Later, in Europe, Albert Schweitzer told me he believed there was more reverence for life in America than anywhere else in the world."
[Quoting an article by Schweitzer in Evangelischer Familien Kalender fur Elsass-Lothringen] "We are richly blessed with snakes of all kinds on the Ogowe. If we have to use a narrow forest path it is a good plan to let two blacks go ahead with bushknives: from long practice they have a much better eye for snakes than we. This precaution is absolutely necessary when venturing into thick undergrowth. ... Most of all we fear the horned viper, a short, monstrous snake not more than a meter and a half long, its body ending in a short stump of tail. ... We are afraid of it not only because its bite is dangerous, but also because it is so inconspicuous. One may discover other snakes when they take to flight or rear up to defend themselves, but the horned viper remains so still at the approach of a person that one may sometimes step over it without its moving. ... A boa constrictor once killed one of my finest goats. The goatherd, with other blacks, followed its trail and managed to surprise and kill it. It was only five meters long, but it had swallowed the goat. The blacks then proceeded to eat both the snake and the goat."
[Quoting from On the Edge of the Primeval Forest] "Although the elephants roaming the vicinity cause me much anxiety so far as the feeding of the patients is concerned, I have not yet seen one, and probably never shall. During the day they stay in unapproachable swamps waiting to plunder, at night, the plantations which they have previously reconnoitered."
[Quoting from Indian Thought and Its Development] "The principle of not killing or harming should not be considered as something in itself but as the servant of compassion and subordinate to it. Therefore, it must come to terms with reality in practical fashion. A true reverence for ethics is shown in the fact that man recognizes the difficulties inherent in it."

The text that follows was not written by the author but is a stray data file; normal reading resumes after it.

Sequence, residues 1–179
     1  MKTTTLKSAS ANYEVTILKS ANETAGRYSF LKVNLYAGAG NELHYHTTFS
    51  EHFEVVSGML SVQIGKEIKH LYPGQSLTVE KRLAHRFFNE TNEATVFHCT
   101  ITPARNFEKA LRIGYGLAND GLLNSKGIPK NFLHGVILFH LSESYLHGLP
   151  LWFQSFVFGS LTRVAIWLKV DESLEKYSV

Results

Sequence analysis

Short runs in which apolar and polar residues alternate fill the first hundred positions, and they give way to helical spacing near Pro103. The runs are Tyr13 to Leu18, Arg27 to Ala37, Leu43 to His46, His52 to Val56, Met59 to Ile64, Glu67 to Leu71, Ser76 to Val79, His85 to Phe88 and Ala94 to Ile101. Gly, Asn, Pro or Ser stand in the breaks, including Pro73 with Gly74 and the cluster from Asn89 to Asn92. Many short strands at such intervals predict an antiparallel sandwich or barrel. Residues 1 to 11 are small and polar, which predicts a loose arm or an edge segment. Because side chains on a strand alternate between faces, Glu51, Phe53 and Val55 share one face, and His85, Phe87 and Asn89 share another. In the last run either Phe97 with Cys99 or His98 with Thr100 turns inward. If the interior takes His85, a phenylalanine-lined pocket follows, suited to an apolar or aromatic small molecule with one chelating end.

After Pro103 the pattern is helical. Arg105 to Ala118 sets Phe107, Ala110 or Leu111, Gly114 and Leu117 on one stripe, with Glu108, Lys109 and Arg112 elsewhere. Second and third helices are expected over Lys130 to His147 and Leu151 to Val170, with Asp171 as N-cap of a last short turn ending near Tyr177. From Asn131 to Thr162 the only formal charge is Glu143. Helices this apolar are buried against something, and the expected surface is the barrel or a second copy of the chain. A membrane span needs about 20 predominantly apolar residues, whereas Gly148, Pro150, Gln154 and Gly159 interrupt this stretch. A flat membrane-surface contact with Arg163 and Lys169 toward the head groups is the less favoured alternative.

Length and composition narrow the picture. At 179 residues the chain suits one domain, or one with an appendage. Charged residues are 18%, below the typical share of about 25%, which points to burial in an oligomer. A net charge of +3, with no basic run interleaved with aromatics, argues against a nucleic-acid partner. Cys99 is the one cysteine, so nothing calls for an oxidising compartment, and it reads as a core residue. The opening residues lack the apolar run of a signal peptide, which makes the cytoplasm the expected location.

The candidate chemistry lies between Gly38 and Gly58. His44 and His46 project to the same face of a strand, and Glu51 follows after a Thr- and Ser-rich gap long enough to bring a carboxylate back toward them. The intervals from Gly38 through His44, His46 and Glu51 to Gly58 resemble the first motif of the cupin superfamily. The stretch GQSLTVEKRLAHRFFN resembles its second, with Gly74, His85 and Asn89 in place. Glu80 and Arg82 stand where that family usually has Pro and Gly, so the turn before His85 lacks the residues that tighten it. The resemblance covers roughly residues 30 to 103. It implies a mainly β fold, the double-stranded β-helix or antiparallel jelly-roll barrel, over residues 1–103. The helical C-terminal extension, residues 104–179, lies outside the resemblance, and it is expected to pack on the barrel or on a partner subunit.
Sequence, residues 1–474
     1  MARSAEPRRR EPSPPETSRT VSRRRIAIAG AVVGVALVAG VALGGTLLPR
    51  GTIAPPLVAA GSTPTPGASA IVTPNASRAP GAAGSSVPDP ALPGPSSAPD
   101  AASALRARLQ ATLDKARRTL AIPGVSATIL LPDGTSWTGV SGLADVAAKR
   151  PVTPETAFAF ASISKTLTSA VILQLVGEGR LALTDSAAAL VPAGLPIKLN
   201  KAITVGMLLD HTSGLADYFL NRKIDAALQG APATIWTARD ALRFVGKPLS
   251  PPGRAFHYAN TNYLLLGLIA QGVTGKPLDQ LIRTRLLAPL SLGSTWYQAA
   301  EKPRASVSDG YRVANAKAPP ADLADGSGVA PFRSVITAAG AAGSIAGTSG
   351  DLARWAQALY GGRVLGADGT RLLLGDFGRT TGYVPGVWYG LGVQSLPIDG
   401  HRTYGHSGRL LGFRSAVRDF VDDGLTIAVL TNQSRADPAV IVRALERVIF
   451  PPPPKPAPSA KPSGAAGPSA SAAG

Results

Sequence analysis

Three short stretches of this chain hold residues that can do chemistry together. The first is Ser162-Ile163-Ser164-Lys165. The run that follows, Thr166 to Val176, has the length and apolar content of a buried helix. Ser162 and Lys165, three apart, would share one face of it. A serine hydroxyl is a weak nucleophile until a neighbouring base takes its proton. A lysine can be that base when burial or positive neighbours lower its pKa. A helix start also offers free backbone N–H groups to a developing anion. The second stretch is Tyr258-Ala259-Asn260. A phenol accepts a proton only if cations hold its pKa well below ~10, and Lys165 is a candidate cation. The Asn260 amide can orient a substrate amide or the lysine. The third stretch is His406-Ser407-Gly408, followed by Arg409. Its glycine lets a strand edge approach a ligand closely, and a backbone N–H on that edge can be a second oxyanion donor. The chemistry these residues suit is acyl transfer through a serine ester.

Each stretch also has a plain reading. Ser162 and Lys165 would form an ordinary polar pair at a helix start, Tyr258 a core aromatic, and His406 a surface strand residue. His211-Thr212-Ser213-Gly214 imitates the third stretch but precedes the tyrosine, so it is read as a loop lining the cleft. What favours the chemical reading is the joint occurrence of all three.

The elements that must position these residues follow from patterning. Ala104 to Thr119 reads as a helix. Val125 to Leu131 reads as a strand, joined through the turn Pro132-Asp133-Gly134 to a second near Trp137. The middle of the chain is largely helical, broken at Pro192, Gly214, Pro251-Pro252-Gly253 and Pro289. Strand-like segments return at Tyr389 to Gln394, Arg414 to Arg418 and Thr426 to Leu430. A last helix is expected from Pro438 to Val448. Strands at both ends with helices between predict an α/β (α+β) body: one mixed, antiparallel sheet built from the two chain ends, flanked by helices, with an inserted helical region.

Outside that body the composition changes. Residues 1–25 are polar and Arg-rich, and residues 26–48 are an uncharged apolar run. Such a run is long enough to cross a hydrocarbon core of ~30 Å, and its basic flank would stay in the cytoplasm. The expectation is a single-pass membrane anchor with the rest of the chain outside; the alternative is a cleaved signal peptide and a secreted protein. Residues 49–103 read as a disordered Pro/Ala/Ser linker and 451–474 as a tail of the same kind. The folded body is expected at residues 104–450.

[Quoting from Philosophy of Civilization] "Descartes' philosophizing begins with the sentence, 'I think, therefore I am.' With this miserable, arbitrarily chosen beginning, it finds itself irrevocably committed on the road to the abstract. It never finds the door to ethics and it is caught like a prisoner in a dead world- and life-view.
True philosophy must proceed from the most immediate and comprehensive fact of consciousness--'I am life that wills to live in the midst of life that wills to live.' This is not a subtly reasoned dogma. Day by day, hour by hour, I move in it. In every moment of reflection it stands before me anew. A vital world- and life-view that sees into all facts of being bursts continuously forth from it as from never-withering roots. The mysticism of ethical communion with being grows out of it."
Introduction: Schweitzer's Animal Friends [by Charles Joy]
Key to the Sources
Part I: Impressions of an Alsatian Child
Part II: Africa and Its Animals
Part III: Animals and Ethics
Part IV: Reverence for Life